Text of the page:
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Caution ‘Freedom’ mentioned.

Comment 27th August 2010

'Freedom' is a very seductive word. Regulation (telling people what they can and can't do) does have its plus side. Simply put, often when one party exercises its freedoms the result of that act or choice can be of detriment to the freedoms of another party. When we talk about regulation of buisiness for example, we can look at  the banks recent 'freedoms' to conduct buisiness as they saw fit and it's impacts on the freedoms of everyone else in the country. I do not want an Aston martin i just want a roof over my head, shelter is a fundimental human need. To own my own home i must get in debt for most of my life and constantly worry about reposession or eviction because house prices and with it rent prices have gone through the roof due to the existence of credit and its unregulated behaviour by those buisiness's in a position to lend/exploit (delete as appropriate). The freedom to lend money, we see here, has detracted from the freedom of feeling comfortable in our own homes. 'The common good of all' is the ultimate quest, we must remeber this. So when we talk about regulation we must seperate it into Arbitrary and necessary.  I would argue, that regulation around credit and the behaviour of money lenders is necessary to preserve the economic freedoms of the population. Credit pushes up prices and makes itself indispensible. Anyone selling anything is going to price it in between what will make them a profit and what people can pay. What people can pay is increased when people can lend, when people can pay more 'the seller' can charge more so those unwilling to lend, must in order to compete finacially with those who are willing to lend. You can always not compete if its for a luxury, but when the prices of necessities such as shelter and food rise because of this mechanism then you must compete or live a live in which the prospects for minimal happiness are vastly diminished homelessness and hunger do not make for a fertileplot for the cultivation of happiness after all. lets not be seduced by sexy words like 'freedom' as this word has been used in the past to manipulate people, Thatcher removed regulation from the banks gaining public approval by calling it a freedom, (and it is a freedom) just look at the impacts of one entitys freedom on anothers and wiegh them up using 'the common good' as the yardstick, this should be the purpose of regulation. I welcome your thoughts, disagreements and comments.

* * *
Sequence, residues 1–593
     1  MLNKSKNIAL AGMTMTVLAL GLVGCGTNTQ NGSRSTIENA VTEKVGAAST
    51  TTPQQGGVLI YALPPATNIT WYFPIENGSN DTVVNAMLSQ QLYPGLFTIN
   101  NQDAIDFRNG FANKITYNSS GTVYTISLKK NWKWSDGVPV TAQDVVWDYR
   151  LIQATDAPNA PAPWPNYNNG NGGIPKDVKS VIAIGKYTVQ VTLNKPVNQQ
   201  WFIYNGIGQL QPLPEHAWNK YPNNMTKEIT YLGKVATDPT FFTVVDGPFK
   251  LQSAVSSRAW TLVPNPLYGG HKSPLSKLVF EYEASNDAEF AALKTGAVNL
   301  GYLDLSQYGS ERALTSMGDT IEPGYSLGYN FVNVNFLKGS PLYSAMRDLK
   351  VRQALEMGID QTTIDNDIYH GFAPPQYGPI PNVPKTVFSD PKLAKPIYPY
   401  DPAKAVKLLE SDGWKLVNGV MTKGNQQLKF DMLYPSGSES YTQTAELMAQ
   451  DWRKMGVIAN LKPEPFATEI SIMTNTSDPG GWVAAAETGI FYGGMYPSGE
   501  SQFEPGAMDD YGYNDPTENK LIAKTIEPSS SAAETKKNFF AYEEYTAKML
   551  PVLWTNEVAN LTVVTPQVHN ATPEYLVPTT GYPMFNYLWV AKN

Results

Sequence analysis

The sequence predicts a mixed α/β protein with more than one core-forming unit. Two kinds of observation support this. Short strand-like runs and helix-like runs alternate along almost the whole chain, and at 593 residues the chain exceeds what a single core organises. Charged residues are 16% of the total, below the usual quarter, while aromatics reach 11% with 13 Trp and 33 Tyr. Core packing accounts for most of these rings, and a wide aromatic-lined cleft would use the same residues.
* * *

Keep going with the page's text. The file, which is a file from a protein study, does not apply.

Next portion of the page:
Why does this matter?

I think my idea is important as the link which brought me here was Nick Clegg talking about increasing freedoms. This sounds appealing, I just want to make the point that 'freedom'  (unbelievably) is not always a universal good. He mentioned 'More freedom to conduct your business'. I just want to state that this type of freedom has been granted before and the results have detracted from other freedoms. People are not participating democratically if their opinions and descisions are based on deception. If this is all about promoting democracy then lets have it right.

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